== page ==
Life Video

By Hollie Bone

 

A retired copper suffering a life-threatening heart attack was amazed after the first responder dispatched to his 999 call was his former colleague and pal of 40 years – who saved his life.

Former policemen Peter Gregory, 68, and Tony Foster, 76, from St Helens, Merseyside, worked together in the traffic task force for four decades and stayed friends ever since.

So Peter, a volunteer medic with North West Ambulance Service, was horrified when he received an emergency call and discovered it was from Tony’s home address – where he arrived to find his friend in pain and short of breath, having suffered a major heart attack.

The retired friends exchanged only a few words before Tony fell into full cardiac arrest and Peter swiftly started CPR – launching a portable defibrillator to send a life-saving shock which restarted his best mate’s heart and saved his life.

Hero dad-of-one Peter said: “Initially the only information you get is an address, so you look at it and sometimes you recognise it because it’s your local area.

“When I saw the address this time I knew straight away it was Tony’s house

“Not knowing what the job was quite concerning and then I saw the second call come in while I was en route and it came up with chest pains.

“It hit home that it was something potentially very serious and that time was of the essence.

“When I got there he was sat on the edge of his bed holding his chest, I spoke to him just enough and within 30 seconds he started going into cardiac arrest.

“The timing couldn’t have been any better because your chances of survival in cardiac arrest drop by 10 per cent every minute.

“I’ve been to cardiac arrests before too but never where I have known the person and nothing as serious or dramatic as this.

“Sometimes in this job you can come away and just close the door but when it’s somebody you have known for so long and someone who is a personal friend that adds a completely new dimension to it.

“We are both ex-police so we have seen some horrific things in our careers and so I think at the time you just stick on a brave face and follow the training you have been given.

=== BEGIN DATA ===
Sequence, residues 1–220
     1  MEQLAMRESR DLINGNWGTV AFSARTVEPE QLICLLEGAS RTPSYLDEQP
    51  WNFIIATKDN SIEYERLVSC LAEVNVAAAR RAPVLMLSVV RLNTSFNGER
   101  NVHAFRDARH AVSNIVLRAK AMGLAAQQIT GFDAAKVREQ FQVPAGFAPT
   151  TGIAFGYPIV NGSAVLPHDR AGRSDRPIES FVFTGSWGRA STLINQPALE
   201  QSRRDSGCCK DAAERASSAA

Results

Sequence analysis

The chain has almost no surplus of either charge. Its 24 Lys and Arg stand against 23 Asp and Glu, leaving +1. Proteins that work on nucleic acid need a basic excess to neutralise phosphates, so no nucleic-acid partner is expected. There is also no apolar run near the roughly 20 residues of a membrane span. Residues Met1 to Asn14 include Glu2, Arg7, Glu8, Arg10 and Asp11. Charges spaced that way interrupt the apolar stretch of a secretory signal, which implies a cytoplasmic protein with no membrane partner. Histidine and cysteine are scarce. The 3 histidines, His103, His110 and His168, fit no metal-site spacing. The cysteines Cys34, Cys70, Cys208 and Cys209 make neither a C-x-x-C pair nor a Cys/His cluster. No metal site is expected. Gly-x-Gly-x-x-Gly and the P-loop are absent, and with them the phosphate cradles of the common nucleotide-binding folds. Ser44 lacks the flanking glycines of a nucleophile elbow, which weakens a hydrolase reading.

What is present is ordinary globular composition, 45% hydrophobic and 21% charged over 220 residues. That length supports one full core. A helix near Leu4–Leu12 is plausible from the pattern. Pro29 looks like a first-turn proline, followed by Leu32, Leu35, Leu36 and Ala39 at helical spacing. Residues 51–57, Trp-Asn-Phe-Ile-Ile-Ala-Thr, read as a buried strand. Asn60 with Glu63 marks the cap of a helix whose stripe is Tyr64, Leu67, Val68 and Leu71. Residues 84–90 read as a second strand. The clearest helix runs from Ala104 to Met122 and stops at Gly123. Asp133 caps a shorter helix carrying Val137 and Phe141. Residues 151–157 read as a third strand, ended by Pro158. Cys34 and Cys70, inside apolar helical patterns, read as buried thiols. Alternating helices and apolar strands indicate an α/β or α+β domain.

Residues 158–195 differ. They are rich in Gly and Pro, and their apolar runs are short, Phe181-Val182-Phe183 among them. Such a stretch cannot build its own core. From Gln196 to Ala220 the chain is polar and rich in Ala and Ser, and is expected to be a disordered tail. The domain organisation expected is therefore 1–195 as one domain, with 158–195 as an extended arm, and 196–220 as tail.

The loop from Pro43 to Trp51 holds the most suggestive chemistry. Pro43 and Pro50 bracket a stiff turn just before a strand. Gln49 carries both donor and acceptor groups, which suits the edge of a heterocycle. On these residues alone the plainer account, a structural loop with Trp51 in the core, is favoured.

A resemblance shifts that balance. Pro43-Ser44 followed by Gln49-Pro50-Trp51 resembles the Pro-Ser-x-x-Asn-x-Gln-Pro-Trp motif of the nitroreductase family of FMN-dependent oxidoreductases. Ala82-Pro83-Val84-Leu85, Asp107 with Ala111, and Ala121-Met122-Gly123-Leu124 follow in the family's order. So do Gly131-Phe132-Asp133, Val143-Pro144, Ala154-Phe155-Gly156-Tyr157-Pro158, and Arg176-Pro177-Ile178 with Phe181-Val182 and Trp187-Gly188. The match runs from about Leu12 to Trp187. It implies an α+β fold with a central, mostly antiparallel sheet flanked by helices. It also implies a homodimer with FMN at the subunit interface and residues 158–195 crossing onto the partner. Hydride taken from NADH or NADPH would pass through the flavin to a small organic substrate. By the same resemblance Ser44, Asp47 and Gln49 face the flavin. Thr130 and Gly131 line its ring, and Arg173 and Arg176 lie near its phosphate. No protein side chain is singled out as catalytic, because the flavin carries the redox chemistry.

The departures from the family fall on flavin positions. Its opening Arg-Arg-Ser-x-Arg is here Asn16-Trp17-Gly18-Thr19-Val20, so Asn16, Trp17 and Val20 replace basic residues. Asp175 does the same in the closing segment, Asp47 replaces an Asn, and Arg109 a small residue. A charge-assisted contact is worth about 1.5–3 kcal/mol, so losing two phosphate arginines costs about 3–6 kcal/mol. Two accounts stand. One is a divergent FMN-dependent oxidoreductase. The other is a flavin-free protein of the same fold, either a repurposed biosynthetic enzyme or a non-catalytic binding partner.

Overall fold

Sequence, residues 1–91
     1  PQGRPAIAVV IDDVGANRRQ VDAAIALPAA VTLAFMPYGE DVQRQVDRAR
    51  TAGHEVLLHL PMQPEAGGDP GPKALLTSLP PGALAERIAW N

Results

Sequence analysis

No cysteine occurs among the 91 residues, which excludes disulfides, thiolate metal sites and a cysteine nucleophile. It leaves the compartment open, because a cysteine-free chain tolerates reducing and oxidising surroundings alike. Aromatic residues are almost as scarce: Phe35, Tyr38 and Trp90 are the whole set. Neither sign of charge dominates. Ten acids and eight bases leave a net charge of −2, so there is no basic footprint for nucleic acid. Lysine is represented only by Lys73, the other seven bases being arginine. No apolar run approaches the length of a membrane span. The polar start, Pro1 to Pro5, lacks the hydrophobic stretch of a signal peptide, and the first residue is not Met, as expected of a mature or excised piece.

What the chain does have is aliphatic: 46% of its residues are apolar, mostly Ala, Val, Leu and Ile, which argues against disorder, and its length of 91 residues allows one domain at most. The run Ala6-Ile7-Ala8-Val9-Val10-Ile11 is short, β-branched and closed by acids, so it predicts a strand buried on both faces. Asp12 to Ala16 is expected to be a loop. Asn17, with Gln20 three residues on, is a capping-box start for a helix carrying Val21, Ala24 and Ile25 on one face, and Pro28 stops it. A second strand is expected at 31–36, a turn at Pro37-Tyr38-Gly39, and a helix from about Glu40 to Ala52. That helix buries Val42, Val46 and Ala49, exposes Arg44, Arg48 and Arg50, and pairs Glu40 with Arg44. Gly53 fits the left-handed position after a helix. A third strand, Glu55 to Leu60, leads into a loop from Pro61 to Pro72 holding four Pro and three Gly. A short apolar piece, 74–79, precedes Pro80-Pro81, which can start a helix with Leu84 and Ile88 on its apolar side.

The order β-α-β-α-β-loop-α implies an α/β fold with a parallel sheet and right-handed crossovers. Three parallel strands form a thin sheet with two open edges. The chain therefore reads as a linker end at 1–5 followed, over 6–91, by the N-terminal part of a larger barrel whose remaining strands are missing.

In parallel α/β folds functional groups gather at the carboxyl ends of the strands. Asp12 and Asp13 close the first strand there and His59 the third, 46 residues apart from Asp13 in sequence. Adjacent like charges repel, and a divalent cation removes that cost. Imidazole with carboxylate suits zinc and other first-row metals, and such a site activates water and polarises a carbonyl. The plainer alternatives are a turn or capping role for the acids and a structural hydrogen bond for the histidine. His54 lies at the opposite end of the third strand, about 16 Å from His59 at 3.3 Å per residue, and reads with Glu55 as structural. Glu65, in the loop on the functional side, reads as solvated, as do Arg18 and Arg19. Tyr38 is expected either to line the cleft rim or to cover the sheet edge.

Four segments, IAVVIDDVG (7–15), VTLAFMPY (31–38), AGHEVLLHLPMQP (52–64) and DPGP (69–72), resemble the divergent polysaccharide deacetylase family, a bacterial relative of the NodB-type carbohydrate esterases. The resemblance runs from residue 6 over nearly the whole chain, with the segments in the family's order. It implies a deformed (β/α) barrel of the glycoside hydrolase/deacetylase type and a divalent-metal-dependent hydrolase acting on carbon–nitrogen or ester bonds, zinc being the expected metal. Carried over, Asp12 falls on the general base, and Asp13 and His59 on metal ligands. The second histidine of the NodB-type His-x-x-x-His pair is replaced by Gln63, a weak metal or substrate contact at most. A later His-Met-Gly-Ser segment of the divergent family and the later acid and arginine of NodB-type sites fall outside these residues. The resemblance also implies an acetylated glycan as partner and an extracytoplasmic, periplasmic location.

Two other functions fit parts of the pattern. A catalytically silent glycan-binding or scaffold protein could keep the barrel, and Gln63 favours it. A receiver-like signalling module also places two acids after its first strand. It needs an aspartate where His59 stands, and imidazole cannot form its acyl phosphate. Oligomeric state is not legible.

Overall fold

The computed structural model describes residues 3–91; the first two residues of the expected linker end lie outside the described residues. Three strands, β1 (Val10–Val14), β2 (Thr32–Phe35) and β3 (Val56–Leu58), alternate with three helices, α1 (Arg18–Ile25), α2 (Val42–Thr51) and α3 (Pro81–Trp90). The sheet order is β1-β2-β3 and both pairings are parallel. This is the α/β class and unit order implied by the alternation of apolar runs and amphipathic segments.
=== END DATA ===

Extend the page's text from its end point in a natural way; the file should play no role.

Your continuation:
“It’s only afterwards that you realise what you have been through.

“I’m absolutely delighted that I was able to help him – as you would be for anybody – but there’s a personal issue and to see him back on his feet and healthy is really lovely.”

Serving in Merseyside Police Traffic Force together for 40 years, Tony and Peter have both seen their fair share of fatal incidents.

But the pair admitted Tony’s terrifying ordeal was a special experience which has brought the tight knit pals even closer together.

Former motorway patrol officer, Tony, spent two weeks in hospital recovering and needed a seven hour heart bypass but has since made great progress with the help of his caring wife, Janet, 76.

And he remains forever indebted to his pal – who he usually sees at least once a month – for saving his life and is amazed fate meant he was the first paramedic on the scene.

Tony said: “In the lead up to my heart attack there had been some warning signs like breathlessness but tests had proven inconclusive.

“You don’t expect it, so when it actually comes it is a huge shock – but it was reassuring when I saw another friendly face coming to my aid.

“I was so grateful to see him when he arrived but we didn’t exchange much in the way of conversation because the cardiac arrest happened only minutes later.

“Although we didn’t have much verbal contact the interaction we had that day was incredibly vital and very special.

“The contribution the community first responders make is life-saving.

“If it hadn’t been for Peter’s timely intervention I almost certainly would have died.”

Since the incident the friends have met up with the other paramedics who helped to save his life to exchange thanks and appeal for more members of the community to volunteer with NWAS.

Peter added: “I think it’s vitally important that we get some fresh blood in the community first responders team locally.

“We are in a rural area and getting ambulances to a situation in enough time can be quite challenging, so having these people volunteering locally is crucial.”